GARDEN CITY, Kansas — In mid-May, Finney County’s top public health physician sent an email to state health officials repeating worries she’d made clear a month earlier to her local colleagues.
Finney County Health Department Medical Director Lindsay Byrnes warned that the coronavirus outbreak at the local meatpacking plant continued to put workers there, and the surrounding community, at risk.
The factory-scale slaughterhouses that employ thousands of people — largely immigrants whose close-quarters jobs fuel the economy of southwest Kansas — had already become COVID-19 hotspots. Three workers in nearby Dodge City had died.
Byrnes, an internist and pediatrician with a master’s degree in public health, said the Tyson Fresh Meats plant in her hometown of Holcomb, Kansas, just outside Garden City, needed to do more.
“The numbers of infected and the pattern of spread makes it very clear that transmission was occurring there weeks ago, and due to the natural course of disease, is now evidenced in those who are sick, hospitalized and dying in my community,” Byrnes said in an email to the Kansas Department of Health and Environment.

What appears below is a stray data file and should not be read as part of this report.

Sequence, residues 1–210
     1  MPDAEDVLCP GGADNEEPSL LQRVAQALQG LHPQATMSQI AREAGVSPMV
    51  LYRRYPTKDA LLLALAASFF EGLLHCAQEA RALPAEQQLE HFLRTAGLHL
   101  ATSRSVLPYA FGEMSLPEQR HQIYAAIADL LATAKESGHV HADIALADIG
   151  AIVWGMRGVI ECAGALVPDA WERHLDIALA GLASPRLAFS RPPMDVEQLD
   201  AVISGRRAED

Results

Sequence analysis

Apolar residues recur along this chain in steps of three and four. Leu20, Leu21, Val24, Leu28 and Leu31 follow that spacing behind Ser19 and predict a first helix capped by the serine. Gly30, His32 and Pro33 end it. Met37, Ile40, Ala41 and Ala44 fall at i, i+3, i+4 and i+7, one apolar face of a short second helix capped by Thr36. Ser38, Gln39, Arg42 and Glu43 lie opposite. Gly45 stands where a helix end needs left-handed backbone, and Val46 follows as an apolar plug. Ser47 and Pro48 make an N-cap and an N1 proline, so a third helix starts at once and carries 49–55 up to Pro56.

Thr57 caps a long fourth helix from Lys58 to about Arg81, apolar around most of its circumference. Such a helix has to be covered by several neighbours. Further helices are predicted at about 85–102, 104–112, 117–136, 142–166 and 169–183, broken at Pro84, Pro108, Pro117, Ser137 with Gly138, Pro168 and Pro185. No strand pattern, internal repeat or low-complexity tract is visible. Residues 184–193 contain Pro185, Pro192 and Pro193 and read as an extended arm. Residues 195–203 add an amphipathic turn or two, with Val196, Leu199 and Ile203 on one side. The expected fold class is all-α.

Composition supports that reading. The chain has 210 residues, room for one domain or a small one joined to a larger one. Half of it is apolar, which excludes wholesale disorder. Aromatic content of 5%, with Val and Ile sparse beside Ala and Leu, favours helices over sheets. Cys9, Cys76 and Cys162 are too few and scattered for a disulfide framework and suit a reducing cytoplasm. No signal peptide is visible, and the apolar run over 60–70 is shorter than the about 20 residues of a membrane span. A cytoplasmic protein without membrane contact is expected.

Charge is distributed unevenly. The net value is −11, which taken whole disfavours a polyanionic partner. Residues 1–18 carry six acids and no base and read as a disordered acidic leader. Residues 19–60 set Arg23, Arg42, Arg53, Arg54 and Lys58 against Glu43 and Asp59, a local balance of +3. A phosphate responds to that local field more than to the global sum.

“Whatever the plant is doing now is too little too late,” the email continued, “but hopefully they will keep up their practices.”
Despite worker complaints to the Occupational Safety and Health Administration, massive outbreaks, deaths and input from a local doctor, Kansas meatpacking plants never shut down.
Months later, case numbers, clusters and deaths have continued to climb.
The Kansas News Service received OSHA logs through a Freedom of Information Act request. Through a Kansas Open Records Act request, the news service got emails between the Kansas Department of Health and Environment and local health departments.
Those 780 emails showed that state officials played a role in keeping meatpacking plants open before President Donald Trump’s executive order mandating that plants continue operating.
In fact, the state’s guidelines said that even if workers had knowingly come in contact with someone who had the disease, they could still work as long as they were asymptomatic and took precautions such as wearing masks.
As cases of the virus began showing up in Kansas in March, the state’s agriculture department said in an email it had no plans to close packing plants.
“Our priority is to keep facilities functioning across the state so that the food supply chain is not interrupted,” spokeswoman Heather Landsdowne wrote. “At this point, we see no indication that these plants will be directed to shut down operations.”